A good plan

Focusing on the Big Plan is taking most of my time and energy at the moment, but it’s utterly absorbing and much more immersive than I had expected. At the moment it feels like a good use of my time. I’m seeing things more clearly as a result of taking the time to work on these visual representations of where I go next on the journey, and it’s so much more effective than writing words in a box with a biro. It turns out I had completely underestimated the power of creative journalling.

I do like a nice lighthouse. On this page it’s a metaphor for my strengths.

The concertina sketchbook turns out to be perfect for this (it’s the Seawhite Octopus sketchbook, with eight 4-page foldouts). I’ve never used one extensively before, and I’m really liking the format. Ideas can spread across the page, ideas and pages unfolding together. I think the subconscious mind enjoys these metaphors.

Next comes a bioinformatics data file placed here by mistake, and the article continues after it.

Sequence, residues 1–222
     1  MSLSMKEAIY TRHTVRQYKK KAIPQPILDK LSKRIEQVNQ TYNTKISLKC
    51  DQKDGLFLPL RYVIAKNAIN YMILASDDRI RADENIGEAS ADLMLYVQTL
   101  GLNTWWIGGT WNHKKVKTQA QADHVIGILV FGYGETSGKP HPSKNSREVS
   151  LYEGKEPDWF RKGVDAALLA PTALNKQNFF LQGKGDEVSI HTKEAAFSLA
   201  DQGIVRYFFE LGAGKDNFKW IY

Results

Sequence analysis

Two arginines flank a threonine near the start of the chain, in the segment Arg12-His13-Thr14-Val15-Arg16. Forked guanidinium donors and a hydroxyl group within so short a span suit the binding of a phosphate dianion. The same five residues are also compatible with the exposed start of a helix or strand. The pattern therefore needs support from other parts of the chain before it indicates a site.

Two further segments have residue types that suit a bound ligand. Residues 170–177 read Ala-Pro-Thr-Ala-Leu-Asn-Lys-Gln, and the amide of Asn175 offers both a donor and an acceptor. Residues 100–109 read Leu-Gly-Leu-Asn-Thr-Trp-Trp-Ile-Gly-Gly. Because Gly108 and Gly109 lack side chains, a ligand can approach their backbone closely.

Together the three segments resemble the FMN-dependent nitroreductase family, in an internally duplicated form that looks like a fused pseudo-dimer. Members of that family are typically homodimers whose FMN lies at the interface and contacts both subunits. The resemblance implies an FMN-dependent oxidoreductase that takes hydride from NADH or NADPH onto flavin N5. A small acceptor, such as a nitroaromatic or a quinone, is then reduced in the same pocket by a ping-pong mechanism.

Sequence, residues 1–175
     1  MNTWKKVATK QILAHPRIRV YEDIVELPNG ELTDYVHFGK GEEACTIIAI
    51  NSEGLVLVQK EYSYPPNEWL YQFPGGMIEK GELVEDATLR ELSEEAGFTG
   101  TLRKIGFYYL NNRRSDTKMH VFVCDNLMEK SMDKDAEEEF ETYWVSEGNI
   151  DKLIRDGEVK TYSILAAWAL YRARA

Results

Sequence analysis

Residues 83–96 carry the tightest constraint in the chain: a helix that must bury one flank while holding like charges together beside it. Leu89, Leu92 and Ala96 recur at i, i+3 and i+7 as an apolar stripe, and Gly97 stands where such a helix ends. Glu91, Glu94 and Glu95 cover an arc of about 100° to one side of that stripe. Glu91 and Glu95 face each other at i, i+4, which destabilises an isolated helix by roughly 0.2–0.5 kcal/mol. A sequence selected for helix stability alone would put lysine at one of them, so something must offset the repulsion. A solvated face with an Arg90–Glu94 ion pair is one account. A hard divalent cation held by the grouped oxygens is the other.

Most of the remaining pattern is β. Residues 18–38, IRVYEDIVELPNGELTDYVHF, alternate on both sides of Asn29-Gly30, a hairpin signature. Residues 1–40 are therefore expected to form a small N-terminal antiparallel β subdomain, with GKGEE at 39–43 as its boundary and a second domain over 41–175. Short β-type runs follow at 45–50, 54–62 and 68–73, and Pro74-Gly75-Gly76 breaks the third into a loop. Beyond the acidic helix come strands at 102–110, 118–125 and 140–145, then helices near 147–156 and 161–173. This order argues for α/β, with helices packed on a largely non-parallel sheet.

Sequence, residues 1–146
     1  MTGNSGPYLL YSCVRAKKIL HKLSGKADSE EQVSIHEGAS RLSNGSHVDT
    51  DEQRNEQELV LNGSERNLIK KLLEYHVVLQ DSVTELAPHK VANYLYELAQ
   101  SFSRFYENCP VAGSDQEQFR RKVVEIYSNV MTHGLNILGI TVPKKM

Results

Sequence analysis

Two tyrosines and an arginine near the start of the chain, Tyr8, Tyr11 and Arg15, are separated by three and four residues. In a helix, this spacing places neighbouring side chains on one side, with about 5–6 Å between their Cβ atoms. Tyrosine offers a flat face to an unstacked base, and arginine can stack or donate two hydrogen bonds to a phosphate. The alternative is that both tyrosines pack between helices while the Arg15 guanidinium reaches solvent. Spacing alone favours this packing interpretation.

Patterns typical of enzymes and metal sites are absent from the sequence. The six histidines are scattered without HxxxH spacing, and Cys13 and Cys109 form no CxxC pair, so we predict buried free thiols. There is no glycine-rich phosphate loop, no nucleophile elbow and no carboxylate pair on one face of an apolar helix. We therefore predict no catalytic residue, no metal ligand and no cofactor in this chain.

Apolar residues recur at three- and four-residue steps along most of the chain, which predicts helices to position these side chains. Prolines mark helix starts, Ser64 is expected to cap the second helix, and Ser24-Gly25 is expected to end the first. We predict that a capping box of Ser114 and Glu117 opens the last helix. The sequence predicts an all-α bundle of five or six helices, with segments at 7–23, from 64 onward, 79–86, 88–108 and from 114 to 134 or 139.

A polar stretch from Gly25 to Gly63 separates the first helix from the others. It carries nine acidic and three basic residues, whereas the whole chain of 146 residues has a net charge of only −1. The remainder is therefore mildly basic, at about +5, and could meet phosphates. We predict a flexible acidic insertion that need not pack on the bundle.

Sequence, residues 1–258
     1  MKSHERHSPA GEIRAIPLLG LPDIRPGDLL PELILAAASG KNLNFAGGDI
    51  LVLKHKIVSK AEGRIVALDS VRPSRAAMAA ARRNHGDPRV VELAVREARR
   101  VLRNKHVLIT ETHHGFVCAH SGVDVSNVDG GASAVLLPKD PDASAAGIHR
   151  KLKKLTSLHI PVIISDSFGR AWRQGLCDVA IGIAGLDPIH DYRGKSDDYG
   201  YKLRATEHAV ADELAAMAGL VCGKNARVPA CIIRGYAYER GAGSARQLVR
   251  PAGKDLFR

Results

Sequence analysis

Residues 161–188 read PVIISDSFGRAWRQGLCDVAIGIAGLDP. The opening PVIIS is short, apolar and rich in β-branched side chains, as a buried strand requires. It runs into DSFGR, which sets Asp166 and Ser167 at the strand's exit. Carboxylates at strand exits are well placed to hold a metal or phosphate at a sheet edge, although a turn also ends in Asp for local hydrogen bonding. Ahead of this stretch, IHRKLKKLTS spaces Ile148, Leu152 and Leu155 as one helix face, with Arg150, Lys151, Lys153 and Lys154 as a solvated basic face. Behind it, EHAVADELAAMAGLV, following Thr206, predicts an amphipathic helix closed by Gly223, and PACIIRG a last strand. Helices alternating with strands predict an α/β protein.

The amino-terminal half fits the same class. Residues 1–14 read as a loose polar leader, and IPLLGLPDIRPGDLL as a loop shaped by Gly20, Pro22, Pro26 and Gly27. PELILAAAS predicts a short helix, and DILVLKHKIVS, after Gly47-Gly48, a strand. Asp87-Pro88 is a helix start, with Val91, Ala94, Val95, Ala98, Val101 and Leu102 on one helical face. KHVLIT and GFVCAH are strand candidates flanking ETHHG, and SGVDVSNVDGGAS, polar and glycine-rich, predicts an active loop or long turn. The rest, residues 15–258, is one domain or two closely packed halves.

A little digression here: it’s also a really fun way to explore some mixed media techniques. I made my own acrylic ink spray.

Home made acrylic ink spray on cartridge paper painted with a little gesso for texture

You can buy ink sprays, of course, but most of them are not colourfast when dry. I wanted something that would allow for using watercolour over the top without it rediluting. There is nothing complicated about this – it’s just a fine mist spray bottle with one part acrylic ink and three parts water. You could probably dilute it more or less according to your needs. Of course I’m now making a mental note to try this on fabric as well – I’m fairly confident (or maybe just hopeful) that it will work.

The Right Brain Business Plan has a section called ‘painting your business landscape’. I grew up by the seaside on the east coast of the UK and this page has ended up looking a bit like the cliff top walks I used to enjoy as a teenager. I remember the feeling of freedom, the wildness of the wind blowing in from the sea, and the sense of space and perspective you get from a high vantage point. Interesting how your mind shows you these meaningful images once you turn your attention away from the left brain and all its fretting.